Misled Faith

1521 words, 7 pages

Intro Sample...

Misled Faith

It is not hard to see how there is a connection between O'Connor's fictional characters and O'Connor herself. Wood has shown through her biography that O'Connor is a devout Christian but her racial attitudes root deep down, contradicting her image as revealed through her personal letters. Wood reveals that in O'Connor's letter, she was deeply out of sympathy for the Civil rights crusade and she uses the word “nigger”. Wood also shows that in O'Connor's lifetime, she never gave a public voice to her racial opinions: discloses that she must have doubt about them. The grandmother in A Good Man Is Hard to find and Mrs. Turpin in Revelation shares some common characteristics. Both of them are... View More »

Body Sample...

It matters to her what kind of clothes and shoes they had on, how their hair was combed, and the words they spoke. In her mind, she believes that she could figure out what kind of person they were by judging their outer appearance. Mrs. Turpin believes that doing good deeds made her the better person and would surely get her a first class ticket into heaven. She felt like these principles made her also a better Christian: "To help anybody out that needed it was her philosophy of life. She never spared herself when she found somebody in need, whether they were white or black, trash or decent" (321). True enough, it didn't matter to her how fat, unattractive, or poor she was, just as long as she was a good person. She fails to realize that just being a good person was truly of no significant value, what matters is how she really felt in her heart and how humble she was with all of her possession. Mrs. Turpin was mean and hateful in thoughts, and so all her goodness was in vain. When others of lower classes in life made in effort to be nice to her, she would reject their words and show acts of cold nature towards them, which is not Christian like at all.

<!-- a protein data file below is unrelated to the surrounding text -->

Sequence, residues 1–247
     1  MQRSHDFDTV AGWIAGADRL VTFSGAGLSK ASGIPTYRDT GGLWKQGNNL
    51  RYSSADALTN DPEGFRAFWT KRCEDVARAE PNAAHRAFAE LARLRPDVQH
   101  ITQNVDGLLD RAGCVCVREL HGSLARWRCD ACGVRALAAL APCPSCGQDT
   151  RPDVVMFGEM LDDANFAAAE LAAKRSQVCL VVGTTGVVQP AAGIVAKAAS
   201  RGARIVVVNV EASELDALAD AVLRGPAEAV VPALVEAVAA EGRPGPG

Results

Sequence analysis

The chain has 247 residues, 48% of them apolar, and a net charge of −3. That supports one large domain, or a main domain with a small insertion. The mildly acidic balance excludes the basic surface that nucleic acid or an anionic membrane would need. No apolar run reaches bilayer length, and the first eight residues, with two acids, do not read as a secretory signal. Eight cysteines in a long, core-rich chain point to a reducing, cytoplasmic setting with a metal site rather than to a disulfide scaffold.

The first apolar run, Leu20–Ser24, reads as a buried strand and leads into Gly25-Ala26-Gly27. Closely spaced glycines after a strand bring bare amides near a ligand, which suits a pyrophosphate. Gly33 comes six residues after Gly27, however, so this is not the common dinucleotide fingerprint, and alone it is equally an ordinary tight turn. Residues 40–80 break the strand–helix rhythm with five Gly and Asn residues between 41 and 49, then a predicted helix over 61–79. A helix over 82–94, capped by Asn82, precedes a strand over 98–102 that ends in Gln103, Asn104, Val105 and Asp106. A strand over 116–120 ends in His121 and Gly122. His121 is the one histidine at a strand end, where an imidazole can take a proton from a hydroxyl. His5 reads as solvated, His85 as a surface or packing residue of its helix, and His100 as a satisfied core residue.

O'Connor admits in her journal that the grandmother from A Good Man Is Hard To Find was a hypocrite and that “her wit was no match for the misfit’s (Wood, 4). However dim-witted the grandmother was, her “capacity for grace” was greater than the misfit. During the epic scene when the grandmother confronted The Misfit, “she realizes, even in her limited way, that she is responsible for the man before her.” Her moment of ...

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